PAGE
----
Attorney General Aaron Ford Joins Multistate Effort to Defend Temporary Protected Status Holders Before the Ninth Circuit Court of Appeals

February 8, 2019

Carson City, NV – Nevada Attorney General Aaron Ford joined a coalition of 22 attorneys general in filing a friend-of-the-court brief in Ramos v. Nielsen before the U.S. Court of Appeals for the Ninth Circuit. The brief supports the plaintiffs’ efforts to prevent the potential deportation of hundreds of thousands of individuals currently residing in the U.S. who hold Temporary Protected Status (TPS). Furthermore, the brief asks the Ninth Circuit to uphold the preliminary nationwide injunction that plaintiffs obtained in the District Court that would prevent the U.S. Department of Homeland Security (DHS) from terminating TPS designations for Haiti, El Salvador, Nicaragua and Sudan.

    “Nevada is home to more than 4,000 Temporary Protected Status holders who are working, contributing members of our community at large,” said Attorney General Aaron Ford. “Facing dire circumstances, they sought shelter and comfort here. While this Administration has attacked this population and the program that protects them, my office has filed this brief to show support for these 4,000 individuals who call Nevada home, and we will continue to prioritize the safety and well-being of our families.”

      “Protecting the TPS program isn’t a negotiating tactic — it’s a promise made to the thousands of TPS holders for whom home means Nevada,” added Governor Steve Sisolak. “My administration will always stand up for the most vulnerable in our State, including our friends and neighbors who fled disease, violence, starvation and other life-threatening conditions. Nevada’s TPS holders are vital members of our economy and society, and we will continue to fight to protect them.”

        Temporary Protected Status designations protect individuals who are in the United States and whose home countries face armed conflict, natural disasters or other crises that make the return of TPS holders to their home countries unsafe. Many TPS holders have resided in the U.S. for a decade or more, starting families and businesses, purchasing homes and contributing to their communities.

          Under the Trump Administration, DHS changed its long-standing practice of evaluating the conditions of a country as a whole when determining whether it is safe for TPS holders to return. Without any substantial explanation, DHS argued that it can only look at the original condition in the home country that prompted its TPS designation when deciding whether to extend that designation. This new policy ignores other intervening conditions that pose serious threats to the safety of TPS holders.

            The plaintiffs in this case alleged that DHS enacted its new rule without following legal requirements, and the District Court agreed and blocked DHS from implementing the new policy pending the final outcome of the case. In this brief, the coalition of attorneys general note that DHS’s new rule is contrary to the public interest and will harm the people of Nevada and other states in a number of ways, including its impact on:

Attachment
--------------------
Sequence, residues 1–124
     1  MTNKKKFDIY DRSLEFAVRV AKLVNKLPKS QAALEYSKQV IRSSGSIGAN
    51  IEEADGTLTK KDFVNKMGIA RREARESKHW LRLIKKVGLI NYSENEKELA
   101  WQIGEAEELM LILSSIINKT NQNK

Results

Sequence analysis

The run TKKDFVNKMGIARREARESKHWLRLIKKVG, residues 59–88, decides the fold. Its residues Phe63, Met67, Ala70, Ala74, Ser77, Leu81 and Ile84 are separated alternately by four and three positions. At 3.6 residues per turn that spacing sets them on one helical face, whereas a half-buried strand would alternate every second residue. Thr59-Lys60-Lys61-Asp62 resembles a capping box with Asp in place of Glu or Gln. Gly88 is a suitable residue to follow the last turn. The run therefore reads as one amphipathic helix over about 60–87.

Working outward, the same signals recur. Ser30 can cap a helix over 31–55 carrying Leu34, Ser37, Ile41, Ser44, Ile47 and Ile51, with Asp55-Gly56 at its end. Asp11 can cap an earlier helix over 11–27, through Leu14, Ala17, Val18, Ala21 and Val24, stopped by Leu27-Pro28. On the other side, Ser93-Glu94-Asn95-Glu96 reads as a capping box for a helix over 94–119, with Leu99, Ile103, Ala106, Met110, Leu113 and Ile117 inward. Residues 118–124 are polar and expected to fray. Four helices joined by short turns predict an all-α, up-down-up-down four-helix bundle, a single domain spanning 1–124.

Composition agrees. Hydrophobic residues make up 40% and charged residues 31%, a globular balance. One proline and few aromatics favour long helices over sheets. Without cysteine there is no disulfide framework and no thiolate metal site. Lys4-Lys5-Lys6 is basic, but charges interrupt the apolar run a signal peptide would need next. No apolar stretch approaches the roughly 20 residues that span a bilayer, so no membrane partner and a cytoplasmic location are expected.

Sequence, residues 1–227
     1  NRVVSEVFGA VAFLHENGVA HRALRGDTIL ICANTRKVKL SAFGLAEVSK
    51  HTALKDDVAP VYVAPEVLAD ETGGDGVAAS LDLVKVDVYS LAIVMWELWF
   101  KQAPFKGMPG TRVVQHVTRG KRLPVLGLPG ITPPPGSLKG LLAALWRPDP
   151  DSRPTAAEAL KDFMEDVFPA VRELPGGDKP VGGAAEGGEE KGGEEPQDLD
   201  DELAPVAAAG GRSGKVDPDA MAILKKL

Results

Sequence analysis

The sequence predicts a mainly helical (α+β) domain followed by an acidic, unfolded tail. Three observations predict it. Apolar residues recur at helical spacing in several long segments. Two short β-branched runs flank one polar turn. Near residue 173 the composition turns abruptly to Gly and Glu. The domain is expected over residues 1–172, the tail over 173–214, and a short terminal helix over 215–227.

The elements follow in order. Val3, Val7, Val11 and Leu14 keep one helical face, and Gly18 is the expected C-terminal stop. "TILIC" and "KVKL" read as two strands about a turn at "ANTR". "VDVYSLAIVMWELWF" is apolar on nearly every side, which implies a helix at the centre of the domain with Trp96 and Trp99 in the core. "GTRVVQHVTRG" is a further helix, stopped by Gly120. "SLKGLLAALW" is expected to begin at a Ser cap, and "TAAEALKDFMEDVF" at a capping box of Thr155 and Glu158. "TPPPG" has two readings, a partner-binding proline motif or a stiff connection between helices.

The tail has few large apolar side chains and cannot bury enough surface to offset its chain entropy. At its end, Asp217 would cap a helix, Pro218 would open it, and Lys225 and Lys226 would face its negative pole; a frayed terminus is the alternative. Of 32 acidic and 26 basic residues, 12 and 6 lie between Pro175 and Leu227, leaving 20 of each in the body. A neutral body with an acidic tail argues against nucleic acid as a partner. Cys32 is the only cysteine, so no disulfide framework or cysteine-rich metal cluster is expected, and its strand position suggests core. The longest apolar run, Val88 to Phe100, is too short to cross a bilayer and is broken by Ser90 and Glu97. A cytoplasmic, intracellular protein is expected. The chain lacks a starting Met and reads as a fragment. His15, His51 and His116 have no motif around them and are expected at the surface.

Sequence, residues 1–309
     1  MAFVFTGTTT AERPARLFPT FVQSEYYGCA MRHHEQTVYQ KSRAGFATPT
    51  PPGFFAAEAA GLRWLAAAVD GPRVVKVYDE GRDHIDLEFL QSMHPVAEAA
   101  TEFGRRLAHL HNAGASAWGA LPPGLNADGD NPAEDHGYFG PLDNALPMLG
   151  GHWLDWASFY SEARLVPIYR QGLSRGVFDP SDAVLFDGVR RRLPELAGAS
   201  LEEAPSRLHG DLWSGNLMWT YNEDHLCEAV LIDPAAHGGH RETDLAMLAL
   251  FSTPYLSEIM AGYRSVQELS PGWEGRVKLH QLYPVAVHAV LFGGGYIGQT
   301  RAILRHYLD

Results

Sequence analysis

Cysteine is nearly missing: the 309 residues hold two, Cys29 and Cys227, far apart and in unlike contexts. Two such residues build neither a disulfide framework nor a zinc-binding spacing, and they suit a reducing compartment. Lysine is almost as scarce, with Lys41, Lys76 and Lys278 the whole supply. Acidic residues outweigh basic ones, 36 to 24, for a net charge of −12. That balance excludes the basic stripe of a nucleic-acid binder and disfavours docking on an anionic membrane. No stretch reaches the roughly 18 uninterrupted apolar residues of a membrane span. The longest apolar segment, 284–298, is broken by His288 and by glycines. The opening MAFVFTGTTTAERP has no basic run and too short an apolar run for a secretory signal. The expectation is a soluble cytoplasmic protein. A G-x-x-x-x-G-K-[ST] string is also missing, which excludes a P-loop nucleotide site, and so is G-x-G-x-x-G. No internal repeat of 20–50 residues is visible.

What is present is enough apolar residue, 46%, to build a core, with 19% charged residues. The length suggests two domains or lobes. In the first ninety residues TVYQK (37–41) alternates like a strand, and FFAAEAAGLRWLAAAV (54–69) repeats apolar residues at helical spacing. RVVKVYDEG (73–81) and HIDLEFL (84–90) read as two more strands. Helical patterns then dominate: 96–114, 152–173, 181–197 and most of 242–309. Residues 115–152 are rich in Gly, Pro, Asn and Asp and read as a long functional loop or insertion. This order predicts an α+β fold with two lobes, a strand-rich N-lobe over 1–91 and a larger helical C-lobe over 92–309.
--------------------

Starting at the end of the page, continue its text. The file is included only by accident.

• Family members and especially hundreds of thousands of U.S. citizen children, who will suffer trauma and hardship from unnecessary and forced separation;

                • The economy and the workforce, which are enriched by the employment, entrepreneurship and contributions of TPS holders;

                  • Public revenues, which are enhanced by the taxes contributed by TPS holders, including an estimated $100 million in property taxes collected annually from Salvadoran homeowners with TPS alone;

                    • Health and child care delivery, which will suffer from disruptions in care provided by TPS holders who work at child care facilities, nursing homes and hospitals, as well as provide in-home care;

                      • Public health, which will be hindered by the loss of employer-sponsored insurance for TPS holders and their families; and

                        • Public safety, which will be damaged by making former TPS holders less likely to report crime.

                          In the brief, the attorneys general also argue that the District Court’s decision to enter the preliminary injunction on a nationwide basis was correct, based on the substantial evidence presented to the court regarding the national impact of the federal government’s decisions to rescind TPS designations.

                            In addition to Nevada, attorneys general from the following states and territories have joined this brief: California, Connecticut, Delaware, the District of Columbia, Hawai’i, Illinois, Iowa, Maine, Maryland, Massachusetts, Michigan, Minnesota, New Jersey, New Mexico, New York, North Carolina, Oregon, Rhode Island, Vermont, Virginia, and Washington.

                              A copy of the amicus brief is available here.